All the compliance office has to do is watch, and ask questions.

Recently Maryland defensive lineman and Twitter extraodinaire A.J. Francis (@The_Franchyze) tweeted a lyrics from a song by Rick Ross (surprise!) and Kanye West -- "Live Fast, Die Young."
Seems like we getting' money for the wrong things,
Look around Maseratis for the whole team.
Now, someone with a common knowledge of the lyrics on Ross' 2010 release Teflon Don might recognize that quote. But none of those people are in Maryland's compliance office. To them, this seemed like a questionable Twitter-post that could possibly be dealing with impermissible benefits. No need to launch an investigation, but the office took action.



Now Francis was asked to remove the post, but I think once Compliance explained the situation he understood. There could be a discussion about free speech, but we have yet to see a Chad Ochocinco-type character challenge the authority of his school on those grounds. But the point of the matter is that if North Carolina's compliance office had been keeping an eye on the profiles of its star athletes, there could have been more immediate action to nip the wrongdoing in the bud.

So the message has been sent to compliance offices everywhere. It's time to wake up and follow your student-athletes on their social networking sites. The fans are, most of the media is, and for both of those groups to find out about a potential violations well before the compliance office is unacceptable.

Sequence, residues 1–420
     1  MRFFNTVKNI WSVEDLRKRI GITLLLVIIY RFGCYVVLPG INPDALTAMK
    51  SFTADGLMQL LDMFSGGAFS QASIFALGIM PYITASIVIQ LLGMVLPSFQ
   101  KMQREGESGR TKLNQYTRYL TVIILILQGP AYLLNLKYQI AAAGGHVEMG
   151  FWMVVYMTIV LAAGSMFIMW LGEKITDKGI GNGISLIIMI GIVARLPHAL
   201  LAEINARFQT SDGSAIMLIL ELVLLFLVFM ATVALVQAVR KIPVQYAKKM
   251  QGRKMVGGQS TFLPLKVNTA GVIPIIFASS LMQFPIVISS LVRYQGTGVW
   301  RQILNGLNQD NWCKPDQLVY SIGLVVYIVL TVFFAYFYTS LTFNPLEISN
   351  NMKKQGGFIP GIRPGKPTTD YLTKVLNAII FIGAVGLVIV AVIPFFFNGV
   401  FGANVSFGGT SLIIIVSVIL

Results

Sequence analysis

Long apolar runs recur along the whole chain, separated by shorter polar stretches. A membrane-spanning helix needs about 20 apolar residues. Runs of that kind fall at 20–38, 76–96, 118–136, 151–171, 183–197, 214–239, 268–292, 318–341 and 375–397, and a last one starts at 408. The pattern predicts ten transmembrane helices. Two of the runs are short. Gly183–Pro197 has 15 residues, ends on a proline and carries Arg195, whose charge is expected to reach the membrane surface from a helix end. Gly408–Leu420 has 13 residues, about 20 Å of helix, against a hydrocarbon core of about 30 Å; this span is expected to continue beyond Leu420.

Go ahead, just follow them. Trust me, most student-athletes will be happy to raise their follower/friend count.

(Image Credit: Twitter)
Posted on: September 8, 2010 10:36 am
Edited on: September 8, 2010 11:10 am
 

Report: UNC assistant frequently called agent

Posted by Chip Patterson

As the NCAA continues it's investigation into the North Carolina football program, college football fans are left to stand on the outside only hearing rumors and murmurs of possible allegations and "insider" information.

That is until a local paper steps in with some good old fashioned investigative reporting.  The News & Observer released a report late Tuesday night that detailed the extensive communication between former assistant coach John Blake and sports agent Gary Whichard.  Blake's connections with Whichard have been the center of scrutiny since news broke of the NCAA's investigation of North Carolina in July.